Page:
With several ambitious transmission projects being proposed or planned in Iowa, the state’s utility board is taking stock of the major projects.
Wind development has slowed in Iowa lately, in part due to transmission bottlenecks. In response, utilities and developers are working on hundreds of miles of new high-voltage power lines aimed at moving wind power to customers in and outside the state.
The Iowa Utilities Board has been collecting information on the projects more than 50 miles long and 345 kV. They include the following:
Lakefield-Hazelton and Sheldon-Webster Lines
These lines in north-central Iowa and southwest Minnesota are among 17 so-called “multi-value projects,” or MVPs, approved by the region’s electricity grid operator, MISO, in December. MVPs are lines in which the benefits, and the costs, are shared more broadly than traditional transmission projects. The 214-mile project will be built, owned and operated by MidAmerican Energy and ITC Midwest.
They’re expected to alleviate congestion at 19 points on the grid and provide a better east-west connection for sending Iowa and Minnesota wind power to Illinois and Wisconsin. The lines would be built in the vicinity of several proposed wind farms, some of which are held up due to lack of transmission capacity.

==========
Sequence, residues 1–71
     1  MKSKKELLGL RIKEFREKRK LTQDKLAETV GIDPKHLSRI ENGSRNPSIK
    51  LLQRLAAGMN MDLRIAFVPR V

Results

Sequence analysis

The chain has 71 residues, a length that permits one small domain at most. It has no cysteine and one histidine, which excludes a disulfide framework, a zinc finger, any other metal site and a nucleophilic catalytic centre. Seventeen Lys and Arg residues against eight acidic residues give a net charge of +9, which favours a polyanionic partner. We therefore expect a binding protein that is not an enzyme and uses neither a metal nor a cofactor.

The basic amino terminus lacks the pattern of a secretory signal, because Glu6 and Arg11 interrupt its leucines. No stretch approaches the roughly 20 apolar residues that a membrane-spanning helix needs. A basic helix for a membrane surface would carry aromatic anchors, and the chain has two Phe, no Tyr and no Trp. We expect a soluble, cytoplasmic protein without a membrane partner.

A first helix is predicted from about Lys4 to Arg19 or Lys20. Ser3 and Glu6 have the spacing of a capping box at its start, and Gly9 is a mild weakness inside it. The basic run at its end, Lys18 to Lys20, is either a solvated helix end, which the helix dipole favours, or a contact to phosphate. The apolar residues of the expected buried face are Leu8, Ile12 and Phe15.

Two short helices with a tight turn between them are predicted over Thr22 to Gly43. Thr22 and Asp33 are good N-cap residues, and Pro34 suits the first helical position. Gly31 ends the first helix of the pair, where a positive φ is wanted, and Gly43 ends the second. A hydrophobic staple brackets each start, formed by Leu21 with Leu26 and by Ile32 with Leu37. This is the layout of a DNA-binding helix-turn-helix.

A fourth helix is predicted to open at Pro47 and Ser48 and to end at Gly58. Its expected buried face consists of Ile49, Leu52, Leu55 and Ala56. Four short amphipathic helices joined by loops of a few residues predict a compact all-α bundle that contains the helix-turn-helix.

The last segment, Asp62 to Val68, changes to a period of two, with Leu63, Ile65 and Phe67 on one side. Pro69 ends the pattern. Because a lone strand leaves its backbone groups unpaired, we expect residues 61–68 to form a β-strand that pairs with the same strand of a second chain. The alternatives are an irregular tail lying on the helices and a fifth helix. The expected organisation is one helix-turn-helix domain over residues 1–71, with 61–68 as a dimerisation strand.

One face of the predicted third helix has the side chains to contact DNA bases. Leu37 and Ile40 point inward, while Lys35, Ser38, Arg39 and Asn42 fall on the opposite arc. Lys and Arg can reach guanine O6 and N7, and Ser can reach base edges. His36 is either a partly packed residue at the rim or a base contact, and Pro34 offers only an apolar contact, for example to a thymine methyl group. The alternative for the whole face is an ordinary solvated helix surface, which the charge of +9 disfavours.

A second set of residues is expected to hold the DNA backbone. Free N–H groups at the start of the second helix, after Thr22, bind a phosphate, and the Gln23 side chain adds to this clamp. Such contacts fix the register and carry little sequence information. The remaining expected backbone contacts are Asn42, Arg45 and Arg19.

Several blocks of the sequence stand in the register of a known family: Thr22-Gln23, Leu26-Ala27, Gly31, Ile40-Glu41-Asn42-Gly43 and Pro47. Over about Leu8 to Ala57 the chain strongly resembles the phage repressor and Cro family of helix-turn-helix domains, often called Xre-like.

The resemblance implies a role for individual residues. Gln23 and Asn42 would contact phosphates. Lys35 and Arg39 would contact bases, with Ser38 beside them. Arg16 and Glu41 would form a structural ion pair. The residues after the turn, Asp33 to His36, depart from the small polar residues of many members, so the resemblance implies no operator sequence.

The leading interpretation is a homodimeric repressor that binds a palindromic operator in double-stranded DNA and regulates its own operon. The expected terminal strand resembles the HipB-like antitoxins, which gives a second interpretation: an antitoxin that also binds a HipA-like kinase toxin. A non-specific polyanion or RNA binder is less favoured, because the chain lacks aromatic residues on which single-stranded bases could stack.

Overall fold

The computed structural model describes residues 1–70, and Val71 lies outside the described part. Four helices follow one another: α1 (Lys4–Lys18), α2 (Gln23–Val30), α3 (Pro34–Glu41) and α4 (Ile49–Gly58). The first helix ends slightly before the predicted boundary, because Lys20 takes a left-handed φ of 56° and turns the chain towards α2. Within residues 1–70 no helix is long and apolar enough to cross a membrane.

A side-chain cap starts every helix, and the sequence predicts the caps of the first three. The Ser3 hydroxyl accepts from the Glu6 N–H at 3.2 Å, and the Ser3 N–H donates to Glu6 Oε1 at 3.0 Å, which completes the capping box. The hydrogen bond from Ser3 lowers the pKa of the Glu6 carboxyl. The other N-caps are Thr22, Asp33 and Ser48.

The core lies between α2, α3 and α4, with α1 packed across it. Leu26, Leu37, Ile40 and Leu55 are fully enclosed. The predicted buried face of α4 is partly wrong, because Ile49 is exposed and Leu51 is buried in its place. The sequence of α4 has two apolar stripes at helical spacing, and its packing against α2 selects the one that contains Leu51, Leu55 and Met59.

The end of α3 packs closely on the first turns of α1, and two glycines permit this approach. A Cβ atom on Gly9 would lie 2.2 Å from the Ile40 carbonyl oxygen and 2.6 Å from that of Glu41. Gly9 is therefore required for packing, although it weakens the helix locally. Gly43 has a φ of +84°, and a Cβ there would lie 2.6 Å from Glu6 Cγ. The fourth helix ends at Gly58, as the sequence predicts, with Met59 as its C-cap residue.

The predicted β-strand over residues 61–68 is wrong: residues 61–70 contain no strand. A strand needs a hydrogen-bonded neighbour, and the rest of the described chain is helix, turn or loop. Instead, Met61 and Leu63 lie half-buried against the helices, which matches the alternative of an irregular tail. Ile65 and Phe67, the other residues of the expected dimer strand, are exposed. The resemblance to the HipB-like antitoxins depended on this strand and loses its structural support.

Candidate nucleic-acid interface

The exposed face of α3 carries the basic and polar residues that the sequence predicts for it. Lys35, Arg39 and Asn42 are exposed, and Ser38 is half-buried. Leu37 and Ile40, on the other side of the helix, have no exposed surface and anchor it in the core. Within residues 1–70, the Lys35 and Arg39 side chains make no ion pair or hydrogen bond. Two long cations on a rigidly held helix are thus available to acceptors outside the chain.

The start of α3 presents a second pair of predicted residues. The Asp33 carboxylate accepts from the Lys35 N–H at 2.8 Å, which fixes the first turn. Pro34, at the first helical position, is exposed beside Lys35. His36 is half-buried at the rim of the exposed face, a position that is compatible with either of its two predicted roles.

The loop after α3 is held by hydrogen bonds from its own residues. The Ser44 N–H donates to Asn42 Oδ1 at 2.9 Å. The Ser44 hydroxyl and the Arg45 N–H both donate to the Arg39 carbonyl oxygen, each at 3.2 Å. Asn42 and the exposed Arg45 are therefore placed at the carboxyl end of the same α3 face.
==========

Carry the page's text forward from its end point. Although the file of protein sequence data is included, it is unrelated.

The projects still need approval from Iowa and Minnesota regulators. ITC expected to begin routing studies early next year.
Update: The original version of this story referred to the Lakefield-Hazelton and Sheldon-Webster by their former names, which were recently updated to reflect the latest route plans.
This 71-mile transmission project is “a key reinforcement” for an area experiencing congestion between Iowa and Missouri, according to MidAmerican Energy, which will again split this project with ITC Midwest. The line is also among the 17 MVP projects approved by MISO late last year.
It would run from Ottumwa, in southeastern Iowa, to Adair, Missouri. From there, the project would link up with another string of power lines planned to run across central Illinois to the Indiana border. In addition to relieving congestion, the project would enable new wind development along the corridor as well.
The line has yet to gain approval from Iowa or Missouri regulators.